Oct 7, 2017

Getting assistance after the wildfires

If you or your family need financial assistance because of the fires, and/or resource and referral to other relief services, like mental health counseling, housing and legal assistance and more, please read the below information.

All services are free of charge and confidential, and available regardless of the immigration status, age, gender, race, ethnicity, sexual orientation or religion of those who need support.

All services are available in English and Spanish.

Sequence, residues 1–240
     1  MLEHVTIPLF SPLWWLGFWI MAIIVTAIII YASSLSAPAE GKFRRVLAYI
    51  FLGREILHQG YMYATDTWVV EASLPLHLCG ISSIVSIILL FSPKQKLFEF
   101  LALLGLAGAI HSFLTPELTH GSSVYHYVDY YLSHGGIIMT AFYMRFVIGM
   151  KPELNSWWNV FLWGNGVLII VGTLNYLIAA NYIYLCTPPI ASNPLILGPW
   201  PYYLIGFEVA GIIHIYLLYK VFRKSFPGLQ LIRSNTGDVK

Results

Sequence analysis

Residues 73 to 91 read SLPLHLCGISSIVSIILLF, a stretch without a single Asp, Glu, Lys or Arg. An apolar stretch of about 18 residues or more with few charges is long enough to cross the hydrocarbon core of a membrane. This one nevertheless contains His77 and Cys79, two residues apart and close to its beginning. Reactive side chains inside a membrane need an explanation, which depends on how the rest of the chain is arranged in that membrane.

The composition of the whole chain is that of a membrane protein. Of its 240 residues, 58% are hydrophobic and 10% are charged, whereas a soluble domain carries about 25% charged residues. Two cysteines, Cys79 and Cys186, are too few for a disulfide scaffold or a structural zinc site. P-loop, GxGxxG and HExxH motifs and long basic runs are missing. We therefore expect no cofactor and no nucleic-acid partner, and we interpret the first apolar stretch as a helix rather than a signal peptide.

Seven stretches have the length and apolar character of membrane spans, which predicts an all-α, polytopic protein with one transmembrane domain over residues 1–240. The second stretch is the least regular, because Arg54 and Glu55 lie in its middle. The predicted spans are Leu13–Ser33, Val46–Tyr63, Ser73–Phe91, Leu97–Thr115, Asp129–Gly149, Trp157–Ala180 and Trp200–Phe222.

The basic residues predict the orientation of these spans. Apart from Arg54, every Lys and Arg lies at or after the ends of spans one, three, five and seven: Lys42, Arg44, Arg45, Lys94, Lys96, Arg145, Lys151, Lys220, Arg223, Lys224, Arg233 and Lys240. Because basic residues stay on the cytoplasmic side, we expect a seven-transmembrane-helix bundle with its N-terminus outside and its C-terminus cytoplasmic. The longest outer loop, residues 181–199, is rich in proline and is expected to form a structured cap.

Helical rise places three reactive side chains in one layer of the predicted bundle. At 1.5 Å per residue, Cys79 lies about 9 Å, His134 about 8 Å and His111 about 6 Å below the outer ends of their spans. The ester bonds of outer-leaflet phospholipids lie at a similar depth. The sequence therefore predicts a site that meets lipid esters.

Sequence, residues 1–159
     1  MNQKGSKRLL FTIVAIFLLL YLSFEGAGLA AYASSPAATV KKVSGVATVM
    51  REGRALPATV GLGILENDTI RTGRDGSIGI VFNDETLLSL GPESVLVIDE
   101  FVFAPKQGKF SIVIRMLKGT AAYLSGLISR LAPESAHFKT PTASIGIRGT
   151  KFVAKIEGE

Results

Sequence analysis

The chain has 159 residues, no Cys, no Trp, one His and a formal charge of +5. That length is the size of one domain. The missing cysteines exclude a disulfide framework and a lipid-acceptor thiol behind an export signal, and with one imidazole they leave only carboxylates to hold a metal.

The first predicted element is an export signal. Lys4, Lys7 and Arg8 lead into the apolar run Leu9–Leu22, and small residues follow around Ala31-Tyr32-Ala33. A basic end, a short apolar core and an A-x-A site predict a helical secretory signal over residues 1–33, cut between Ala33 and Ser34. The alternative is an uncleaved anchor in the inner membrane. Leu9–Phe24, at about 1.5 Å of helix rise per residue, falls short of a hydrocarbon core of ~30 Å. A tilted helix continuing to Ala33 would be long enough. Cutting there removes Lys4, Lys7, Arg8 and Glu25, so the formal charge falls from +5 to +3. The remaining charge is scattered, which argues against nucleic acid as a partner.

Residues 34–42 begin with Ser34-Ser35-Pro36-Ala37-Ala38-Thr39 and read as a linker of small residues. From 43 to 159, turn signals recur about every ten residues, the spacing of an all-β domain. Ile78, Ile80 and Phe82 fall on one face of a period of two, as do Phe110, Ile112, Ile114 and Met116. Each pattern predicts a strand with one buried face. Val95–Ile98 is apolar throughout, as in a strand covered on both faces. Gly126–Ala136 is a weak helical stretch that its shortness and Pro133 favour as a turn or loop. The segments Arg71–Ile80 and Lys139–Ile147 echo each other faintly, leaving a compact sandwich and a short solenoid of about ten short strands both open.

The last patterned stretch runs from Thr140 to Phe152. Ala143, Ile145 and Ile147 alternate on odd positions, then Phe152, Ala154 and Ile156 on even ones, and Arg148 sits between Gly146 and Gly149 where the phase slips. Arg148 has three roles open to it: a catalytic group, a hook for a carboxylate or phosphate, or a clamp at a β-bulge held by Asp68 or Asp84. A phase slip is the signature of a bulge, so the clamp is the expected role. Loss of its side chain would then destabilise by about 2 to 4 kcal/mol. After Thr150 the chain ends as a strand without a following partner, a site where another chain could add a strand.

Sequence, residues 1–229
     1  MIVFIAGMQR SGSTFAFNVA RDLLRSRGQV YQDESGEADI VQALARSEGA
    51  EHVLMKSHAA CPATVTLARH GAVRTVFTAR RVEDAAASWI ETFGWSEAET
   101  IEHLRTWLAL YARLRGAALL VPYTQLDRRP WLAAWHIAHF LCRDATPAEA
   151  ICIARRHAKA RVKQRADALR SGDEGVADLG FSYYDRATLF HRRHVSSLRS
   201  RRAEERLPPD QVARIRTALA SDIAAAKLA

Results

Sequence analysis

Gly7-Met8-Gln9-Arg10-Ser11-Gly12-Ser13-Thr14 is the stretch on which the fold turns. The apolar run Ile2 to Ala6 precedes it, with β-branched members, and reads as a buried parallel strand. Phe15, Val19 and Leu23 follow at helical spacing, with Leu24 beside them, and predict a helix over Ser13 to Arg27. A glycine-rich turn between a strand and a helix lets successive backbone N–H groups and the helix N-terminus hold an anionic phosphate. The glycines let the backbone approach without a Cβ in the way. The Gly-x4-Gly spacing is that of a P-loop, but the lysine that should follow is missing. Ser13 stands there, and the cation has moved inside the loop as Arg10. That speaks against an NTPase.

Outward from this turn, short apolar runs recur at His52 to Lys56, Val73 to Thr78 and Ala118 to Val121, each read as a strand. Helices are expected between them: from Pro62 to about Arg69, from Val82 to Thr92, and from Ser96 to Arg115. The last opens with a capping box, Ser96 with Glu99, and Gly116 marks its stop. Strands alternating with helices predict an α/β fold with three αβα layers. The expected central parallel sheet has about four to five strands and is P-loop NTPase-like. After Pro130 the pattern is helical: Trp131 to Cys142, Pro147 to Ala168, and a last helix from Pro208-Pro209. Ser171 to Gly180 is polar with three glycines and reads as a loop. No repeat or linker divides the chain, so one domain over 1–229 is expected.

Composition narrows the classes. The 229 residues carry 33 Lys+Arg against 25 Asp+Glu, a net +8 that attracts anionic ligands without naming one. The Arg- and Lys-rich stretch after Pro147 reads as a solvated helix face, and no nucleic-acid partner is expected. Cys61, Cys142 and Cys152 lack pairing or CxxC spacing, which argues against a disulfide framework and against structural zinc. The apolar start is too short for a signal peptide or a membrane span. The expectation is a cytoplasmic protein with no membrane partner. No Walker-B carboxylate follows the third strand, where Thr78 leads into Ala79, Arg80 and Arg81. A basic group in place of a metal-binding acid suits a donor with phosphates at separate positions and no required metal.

The Napa Fire Recovery Center is offering re-housing services for those who were made homeless as a result of the October wildfires, predominantly uninsured renters; and providing financial assistance to people who may not have lost their homes, but have nonetheless encountered economic hardship because of the temporary slow-down of the viticulture and hospitality economy in the region.  Re-housing services and financial assistance are available to individuals who live or work in Napa County; earn up to 120 percent of Area Median Income; and have not received sufficient support from private insurance, government aid programs or other sources.   To qualify for help, people will be asked to provide documents to substantiate their fire-related losses, such as proof of residency at a home or apartment that appears on the county’s list of red-tagged properties.